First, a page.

Searing 8 to 9 per cent, interest, net.
Foil particulars, wltb references, furnished on .im
plication, uorreeponaence soucucu. .a
171 1. WHITE,
1J. SIOUX FALLS. DAKOTA,
Heal Estato and Loan Agent.
East.rn parties dcalrlng to loan money or Inrest in
! In IhA ornwlnir ett of RlonZ FsllS. Cannot
do better tbtn deal with me. I shall endeavor to deal
honestly and fairly with all who may do bntlneea wltn
me. and at a fair rate of commlailon. Address E. P.
WHITE, Blont Falls, Dsk., Dox 1177.
Refer h nermiatlon to editors of this paper, to S.
W. Kimball of Brattleboro, and to either Dr. drey or
Dr. Tntts or Bioot t ana.
IT MAY CONCERN.
And It concerns all Intending to
Tho following Letters wcro rutllshed In
The Christian at Work, tho leading religious
pnper ot How xork, Bomo months since
That they attracted great attention is proved
ly tho following editorial notico which Boon
after appeared in that paper:
"Tho publisher of Tho Chr 1st an at Work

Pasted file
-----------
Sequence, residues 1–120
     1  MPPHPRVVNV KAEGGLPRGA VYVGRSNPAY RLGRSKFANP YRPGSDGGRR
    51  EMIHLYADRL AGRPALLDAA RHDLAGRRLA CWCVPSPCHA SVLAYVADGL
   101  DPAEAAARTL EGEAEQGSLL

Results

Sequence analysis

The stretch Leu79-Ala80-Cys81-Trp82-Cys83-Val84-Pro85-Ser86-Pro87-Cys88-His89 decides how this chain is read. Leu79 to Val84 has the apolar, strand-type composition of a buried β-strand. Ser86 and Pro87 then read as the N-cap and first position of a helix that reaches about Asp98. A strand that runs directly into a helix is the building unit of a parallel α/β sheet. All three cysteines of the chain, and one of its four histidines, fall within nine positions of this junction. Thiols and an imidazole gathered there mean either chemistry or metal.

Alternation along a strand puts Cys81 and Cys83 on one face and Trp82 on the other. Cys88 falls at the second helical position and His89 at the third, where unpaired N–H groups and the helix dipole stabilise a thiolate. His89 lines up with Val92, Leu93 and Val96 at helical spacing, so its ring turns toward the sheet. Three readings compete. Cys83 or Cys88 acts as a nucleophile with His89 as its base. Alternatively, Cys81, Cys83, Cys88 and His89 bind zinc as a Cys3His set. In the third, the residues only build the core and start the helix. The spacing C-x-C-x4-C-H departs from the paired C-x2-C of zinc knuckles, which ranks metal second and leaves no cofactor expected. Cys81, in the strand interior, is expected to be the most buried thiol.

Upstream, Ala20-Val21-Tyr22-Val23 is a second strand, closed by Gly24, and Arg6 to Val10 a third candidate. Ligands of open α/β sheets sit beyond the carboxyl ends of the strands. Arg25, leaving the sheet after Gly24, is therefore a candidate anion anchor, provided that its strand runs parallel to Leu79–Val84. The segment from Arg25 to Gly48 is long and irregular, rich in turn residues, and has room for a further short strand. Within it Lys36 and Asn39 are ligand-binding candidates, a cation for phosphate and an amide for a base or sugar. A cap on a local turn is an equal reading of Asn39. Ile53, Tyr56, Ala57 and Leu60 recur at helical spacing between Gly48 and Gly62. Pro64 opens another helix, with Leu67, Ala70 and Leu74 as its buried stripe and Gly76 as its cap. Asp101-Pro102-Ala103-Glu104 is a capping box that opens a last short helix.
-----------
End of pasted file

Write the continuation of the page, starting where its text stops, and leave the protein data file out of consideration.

has been asked If tho letters published in this
paper, by Dr. J. H. Schenck, of Philadel
phia, wero genuine In reply lio says, that
his representative has Been tho originals of
every letter at tho office of Dr. Schenck, In
FROM P. TURNEFI, Jr., BINQHAMPTON, N.V.
Messrs, J, II. SciiENCK&SoN.rhtladelphla.
Gentlemen! I havn r-nncluilixi that It t
my duty to writo you in regard to tho groat
benefit I havo received by tho uso of Dr.
Schenck's lncdlclnca. Ono and n-half yean
ago 1 wai very sick with what my fricmii
tho Lungs. The disease began with a heavy
cold, im worst symptom being a dry, hacking
cough, which was almost continuous night
and day. Soon after this I began raising a
thick yellow matter. Being exposed to all
kinds of weather, by working at my trade, I
caught additional cold and grew worse, until
I was obliged to glvo up all work. I at this
tlmo had tcrriblo pains in my lungi, and was
noon attacked with severo ntght-sweab. I
men nn ino cougn remedies nuvcrtiscu, 1 be
lieve, before I heard of your remedies. They
wero first brought to my notico by reading
your book on "Consumption and Its Cure."
I used all your medicines; that Is, tho Man
draks Fills, Beawcod Tonio and Falmonio
Byrap. I lelt their beneficial effects from tho
first. They gave mo strength and they gavo
rno omictlte. and in a vcrv short lima mv
cough was looker, nnd soon after disappeared
nitogcincr. i uegau to gain iiesn, too, and in
tho courso of two montlu from beginning
their uso, I was very near well. I am now
entirely well, and, bellevo mo, very thankful
that I found your medicines and took them